Whether the remnants of Hurricane Hermine, expected to be off the New Jersey coast late this weekend as a weakened tropical storm, will affect the Berkshires and southern Vermont remained a puzzler for the scientists tracking the storm on Thursday.
With the future track still up in the air, "we're not looking for extreme weather," said Stephen DiRienzo, the warning coordination meteorologist for the National Weather Service in Albany, N.Y.
But he acknowledged that Hermine, if it stalls offshore, could mar the second half of the Labor Day holiday weekend. "We could see a cold, rainy, breezy, ugly Sunday and Monday," he pointed out, with temperatures in the Berkshires stuck in the 50s.
"Any rain we get would be beneficial," DiRienzo added. "If there's any issue, it would be stronger winds in Great Barrington and points south."
But North Berkshire and southern Vermont counties look to be spared any impact, although DiRienzo, along with other forecasters, was still hedging his bets.
"There's plenty of room for error in the speed and track of the storm," he emphasized. "The best people can do is keep an eye on it."
"These storms have a tendency to wobble back and worth and there's a lot of uncertainty," said Joe Kravitz, the atmospheric scientist based at Berkshire Community College.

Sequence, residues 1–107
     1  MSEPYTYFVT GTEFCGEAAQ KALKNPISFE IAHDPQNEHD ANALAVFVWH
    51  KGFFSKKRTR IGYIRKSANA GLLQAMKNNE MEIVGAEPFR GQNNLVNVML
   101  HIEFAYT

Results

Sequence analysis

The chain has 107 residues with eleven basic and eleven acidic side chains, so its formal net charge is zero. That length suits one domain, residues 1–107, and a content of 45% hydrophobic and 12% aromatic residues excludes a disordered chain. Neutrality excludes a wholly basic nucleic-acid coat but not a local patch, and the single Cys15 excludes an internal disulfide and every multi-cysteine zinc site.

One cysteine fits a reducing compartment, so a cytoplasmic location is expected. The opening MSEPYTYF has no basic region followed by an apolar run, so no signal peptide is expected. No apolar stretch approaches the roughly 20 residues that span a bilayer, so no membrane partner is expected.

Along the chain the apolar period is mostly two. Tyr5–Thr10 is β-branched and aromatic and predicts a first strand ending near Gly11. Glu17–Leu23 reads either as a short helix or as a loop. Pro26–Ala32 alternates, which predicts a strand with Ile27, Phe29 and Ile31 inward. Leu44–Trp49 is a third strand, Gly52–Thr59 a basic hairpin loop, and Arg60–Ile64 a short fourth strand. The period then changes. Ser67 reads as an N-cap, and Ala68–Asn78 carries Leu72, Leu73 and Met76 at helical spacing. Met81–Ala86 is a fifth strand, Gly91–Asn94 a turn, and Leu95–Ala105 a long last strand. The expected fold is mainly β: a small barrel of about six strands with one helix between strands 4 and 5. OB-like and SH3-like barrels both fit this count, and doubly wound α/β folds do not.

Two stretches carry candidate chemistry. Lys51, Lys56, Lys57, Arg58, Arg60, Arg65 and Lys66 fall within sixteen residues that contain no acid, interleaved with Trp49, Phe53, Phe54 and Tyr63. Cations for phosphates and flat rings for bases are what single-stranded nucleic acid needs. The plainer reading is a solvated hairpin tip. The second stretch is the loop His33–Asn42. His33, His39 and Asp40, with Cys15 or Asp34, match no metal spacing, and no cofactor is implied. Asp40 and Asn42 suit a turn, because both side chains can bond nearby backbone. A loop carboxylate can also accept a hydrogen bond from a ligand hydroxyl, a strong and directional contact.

His outlook for the final days of the holiday weekend is somewhat more optimistic, with a sunny and mild day on Sunday and just a possibility of light rain at night and on Monday.
However, anyone heading to the New England coast for the weekend, especially the Boston area, the Cape and the Islands, can expect a good chance of rain and wind from Sunday on, forecasters at the National Weather Service in Taunton stated.
Whatever happens, the region's significant dry spell is unlikely to be broken.
The latest U,S. Drought Monitor issued on Thursday places eastern Berkshire County, from Sandisfield north to Savoy and Florida, in a moderate drought. The rest of the county and southern Vermont continue to be rated as abnormally dry.
State House News Service contributed to this report.
Contact Clarence Fanto at 413-637-2551.
How Dry We (Still) Are . . .
Except for North Berkshire and southern Vermont, which were hit by several intense thundershowers during August, the rest of the region remained well below normal last month. August totals:
Pittsfield Municipal Airport: 2.6 inches (normal 4.1).
Great Barrington: 2.7 inches (normal 4.2).
North Adams (airport): 4.5 inches (normal 4.2).
Bennington, Vt. (airport): 5.4 inches (normal 4.0).
Year to date (Pittsfield):
23.97 inches (22 percent below normal).
Sources: National Weather Service; AccuWeather.com; Great Barrington weather observer Nick Diller.